Miniature Horse
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Driving


Driving the Miniature Horse
by Portia Sue Owens of Moondance Ranch Miniature Horse Training Center

   Driving a miniature horse is a relaxing and rewarding sport. But, before you put the cart before the horse, spend some time developing a game plan. The following are a few points to consider to help you and your horse have many positive experiences.
   Determine what it is you want to do. There are many different types of driving: trail, parade, single or multiple hitch, open or country pleasure, obstacles and roadster. Do you want to focus on a single type or do you want a horse capable of a variety of activities? If you know what you would like to do, it will be much easier to choose the correct horse for the job (or job for the horse if you already own your driving partner.)
   When you have a good idea what you want to do, work on who you want to do it with. Pick a horse with a suitable mentality for the job. A quieter, calmer horse may be more suitable for trails and parades. A top show competitor may need to be more aggressive and energetic. Fortunately, there are many horses able to do both pleasure and show driving. Also evaluate conformation, size and athletic ability. Keep in mind your physical size in relation to the size and strength of a horse to pull you. Consider the pluses and minuses of mares vs. stallions vs. geldings. A gelding will give you the most consistency with the least amount of special care. Most mares are similar in ease of handling, but the price will be higher for a breedable mare. Be sure you really need a stallion if this is your choice as they require special care and facilities. Make a list of the traits you desire in order of preference. This will help you avoid buying the horse with the sweetest eyes, and help you purchase a horse happily able to do what you desire.
   Honestly evaluate yourself. Do you have the skill and time necessary to train a young horse, or would you be better off with a horse already trained to your specifications? Do you prefer bold and speedy or well-mannered precision? Spend time with different horses and see which ones best suit your personality.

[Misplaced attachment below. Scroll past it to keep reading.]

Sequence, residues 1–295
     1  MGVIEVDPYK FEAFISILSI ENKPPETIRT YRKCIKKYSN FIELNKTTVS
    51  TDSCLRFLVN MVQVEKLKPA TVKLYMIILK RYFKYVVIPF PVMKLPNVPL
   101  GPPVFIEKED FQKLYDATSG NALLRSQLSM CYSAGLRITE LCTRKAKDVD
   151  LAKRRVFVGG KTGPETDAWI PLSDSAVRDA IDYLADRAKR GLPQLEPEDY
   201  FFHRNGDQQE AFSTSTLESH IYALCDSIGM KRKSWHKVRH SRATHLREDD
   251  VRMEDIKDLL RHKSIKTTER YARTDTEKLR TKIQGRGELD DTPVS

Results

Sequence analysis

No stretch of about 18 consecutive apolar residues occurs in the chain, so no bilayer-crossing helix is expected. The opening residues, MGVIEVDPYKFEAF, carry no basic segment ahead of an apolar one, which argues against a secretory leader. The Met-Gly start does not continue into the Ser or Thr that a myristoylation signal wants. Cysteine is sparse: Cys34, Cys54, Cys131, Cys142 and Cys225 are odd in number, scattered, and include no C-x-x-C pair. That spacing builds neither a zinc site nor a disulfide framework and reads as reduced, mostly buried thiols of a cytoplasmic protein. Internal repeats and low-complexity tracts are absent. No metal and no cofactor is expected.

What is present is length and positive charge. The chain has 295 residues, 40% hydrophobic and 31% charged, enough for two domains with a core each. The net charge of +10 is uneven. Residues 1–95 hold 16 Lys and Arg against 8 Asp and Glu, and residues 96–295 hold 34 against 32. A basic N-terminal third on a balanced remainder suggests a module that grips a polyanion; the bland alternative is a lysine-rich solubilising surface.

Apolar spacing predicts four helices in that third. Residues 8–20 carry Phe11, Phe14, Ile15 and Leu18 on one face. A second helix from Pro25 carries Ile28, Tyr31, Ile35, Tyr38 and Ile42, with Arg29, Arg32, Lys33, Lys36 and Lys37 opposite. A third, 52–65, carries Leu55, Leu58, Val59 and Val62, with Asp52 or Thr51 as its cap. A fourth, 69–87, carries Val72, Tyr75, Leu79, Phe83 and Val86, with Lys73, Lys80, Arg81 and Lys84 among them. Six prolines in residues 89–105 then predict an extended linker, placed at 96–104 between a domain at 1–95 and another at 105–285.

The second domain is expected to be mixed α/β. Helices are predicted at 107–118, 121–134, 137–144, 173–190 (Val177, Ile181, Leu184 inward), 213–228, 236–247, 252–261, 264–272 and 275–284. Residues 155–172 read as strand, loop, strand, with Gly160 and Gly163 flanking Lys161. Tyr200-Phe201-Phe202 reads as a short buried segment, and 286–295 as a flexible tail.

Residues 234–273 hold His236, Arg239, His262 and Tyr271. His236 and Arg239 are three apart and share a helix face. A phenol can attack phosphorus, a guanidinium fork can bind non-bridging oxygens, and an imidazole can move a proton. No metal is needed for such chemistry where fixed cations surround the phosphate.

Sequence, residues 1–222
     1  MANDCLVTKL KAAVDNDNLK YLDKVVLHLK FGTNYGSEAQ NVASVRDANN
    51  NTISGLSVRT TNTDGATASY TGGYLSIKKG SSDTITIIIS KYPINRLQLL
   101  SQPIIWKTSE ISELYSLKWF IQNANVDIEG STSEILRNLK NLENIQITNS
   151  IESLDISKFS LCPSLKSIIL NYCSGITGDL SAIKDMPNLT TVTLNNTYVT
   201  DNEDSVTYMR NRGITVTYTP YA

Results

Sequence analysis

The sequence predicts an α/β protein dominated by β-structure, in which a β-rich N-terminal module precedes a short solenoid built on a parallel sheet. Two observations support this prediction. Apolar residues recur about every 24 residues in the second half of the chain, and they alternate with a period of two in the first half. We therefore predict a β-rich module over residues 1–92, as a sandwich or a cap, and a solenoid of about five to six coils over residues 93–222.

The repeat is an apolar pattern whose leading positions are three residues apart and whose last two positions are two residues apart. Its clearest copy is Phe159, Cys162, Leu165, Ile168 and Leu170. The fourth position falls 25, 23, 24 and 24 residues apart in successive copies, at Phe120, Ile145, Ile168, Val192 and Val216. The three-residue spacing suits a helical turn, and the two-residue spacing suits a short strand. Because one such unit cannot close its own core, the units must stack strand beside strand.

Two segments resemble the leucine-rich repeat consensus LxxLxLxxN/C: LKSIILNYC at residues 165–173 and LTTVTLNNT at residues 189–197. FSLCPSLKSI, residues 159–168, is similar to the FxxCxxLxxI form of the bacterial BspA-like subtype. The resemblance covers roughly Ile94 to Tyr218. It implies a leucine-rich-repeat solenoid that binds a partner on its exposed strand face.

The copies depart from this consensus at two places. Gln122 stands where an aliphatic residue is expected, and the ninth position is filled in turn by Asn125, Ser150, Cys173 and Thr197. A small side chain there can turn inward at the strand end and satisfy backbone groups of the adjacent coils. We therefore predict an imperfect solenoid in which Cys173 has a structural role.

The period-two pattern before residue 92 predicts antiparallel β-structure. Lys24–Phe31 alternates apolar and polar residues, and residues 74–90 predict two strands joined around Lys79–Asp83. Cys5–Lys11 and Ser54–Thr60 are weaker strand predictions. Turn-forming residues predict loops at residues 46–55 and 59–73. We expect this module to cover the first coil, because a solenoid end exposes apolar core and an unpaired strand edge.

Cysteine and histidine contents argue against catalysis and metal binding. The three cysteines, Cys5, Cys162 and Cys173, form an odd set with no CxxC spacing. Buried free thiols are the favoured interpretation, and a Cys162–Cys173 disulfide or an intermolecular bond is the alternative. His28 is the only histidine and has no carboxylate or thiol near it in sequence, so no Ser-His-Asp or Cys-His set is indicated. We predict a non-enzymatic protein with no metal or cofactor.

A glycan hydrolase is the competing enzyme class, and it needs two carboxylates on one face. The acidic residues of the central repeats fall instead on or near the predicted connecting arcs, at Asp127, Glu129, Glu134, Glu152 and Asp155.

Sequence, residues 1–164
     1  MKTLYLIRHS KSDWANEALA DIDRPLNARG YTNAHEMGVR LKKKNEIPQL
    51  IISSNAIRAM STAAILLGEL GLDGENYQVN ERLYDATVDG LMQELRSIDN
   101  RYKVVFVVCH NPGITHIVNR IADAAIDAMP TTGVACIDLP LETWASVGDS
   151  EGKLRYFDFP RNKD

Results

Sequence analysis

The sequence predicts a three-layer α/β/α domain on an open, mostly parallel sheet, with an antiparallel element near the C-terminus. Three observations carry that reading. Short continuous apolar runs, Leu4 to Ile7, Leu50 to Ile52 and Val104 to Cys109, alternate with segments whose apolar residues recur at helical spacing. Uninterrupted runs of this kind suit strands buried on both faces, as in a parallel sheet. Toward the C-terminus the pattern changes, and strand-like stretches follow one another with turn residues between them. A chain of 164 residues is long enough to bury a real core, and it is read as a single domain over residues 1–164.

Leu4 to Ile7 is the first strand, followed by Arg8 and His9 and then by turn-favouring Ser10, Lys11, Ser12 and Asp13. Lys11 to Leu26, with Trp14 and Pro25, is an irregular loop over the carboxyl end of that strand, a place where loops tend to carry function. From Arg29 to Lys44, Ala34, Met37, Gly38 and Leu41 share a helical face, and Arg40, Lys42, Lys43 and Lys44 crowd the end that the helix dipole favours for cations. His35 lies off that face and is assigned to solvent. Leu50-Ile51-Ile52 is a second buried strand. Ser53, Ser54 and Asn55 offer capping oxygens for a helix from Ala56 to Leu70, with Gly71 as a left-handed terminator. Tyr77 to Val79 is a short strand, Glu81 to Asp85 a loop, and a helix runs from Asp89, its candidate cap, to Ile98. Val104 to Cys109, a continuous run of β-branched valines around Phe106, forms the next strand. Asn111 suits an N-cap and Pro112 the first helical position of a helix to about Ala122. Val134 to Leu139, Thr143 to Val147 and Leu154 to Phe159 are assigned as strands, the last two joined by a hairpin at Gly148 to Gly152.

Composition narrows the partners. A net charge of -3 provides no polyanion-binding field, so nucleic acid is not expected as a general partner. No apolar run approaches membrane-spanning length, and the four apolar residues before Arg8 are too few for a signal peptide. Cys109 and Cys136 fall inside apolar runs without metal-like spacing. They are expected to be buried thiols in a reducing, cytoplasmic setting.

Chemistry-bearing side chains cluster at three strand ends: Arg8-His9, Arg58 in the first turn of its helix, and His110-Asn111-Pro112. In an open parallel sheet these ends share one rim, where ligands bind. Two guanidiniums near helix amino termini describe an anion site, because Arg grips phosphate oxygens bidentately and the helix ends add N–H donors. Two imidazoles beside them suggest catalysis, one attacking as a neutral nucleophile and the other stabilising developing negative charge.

Now that you have your horse, you are ready for the cart, the harness, the bit, the whip,etc. Closely evaluate your existing equipment for fit and safety, or shop carefully for new equipment.
   There are quite a few sources for Miniature driving equipment. Shop carefully to get the best value. Remember, quality workmanship takes time, and time generally means money! For non-show Pleasure Driving and Show Obstacle Driving, an Easy Entry cart is your best choice. As the name implies, these carts can be entered and exited very easily and safely. The seat is bench style, allowing two adults comfortable seating. The metal construction is very durable, but also quite heavy. New Easy Entry carts will run approximately 400 dollars.
For show ring Pleasure Driving competition, a wood cart is desirable. Jerald Sulky Company manufactures an excellent, well balanced Pleasure Driving cart. Features include choice of colors, 20 inch or 24 inch wire wheels and a removable basket. (Roadster Driving classes require a cart with a removable basket.) New Jerald carts run approximately 800 to 900 dollars. Optional items such as brass fittings, patent leather trim and wooden wheels are also available.
   Quality harness makers will be interested in your needs and willing to assist you in your harness selection. Never buy a harness without trying it on your horse. It is extremely important that your harness fit correctly. When properly adjusted, your harness should have extra holes for either increasing or decreasing the size. Beware of cheap harnesses - you usually get what you pay for.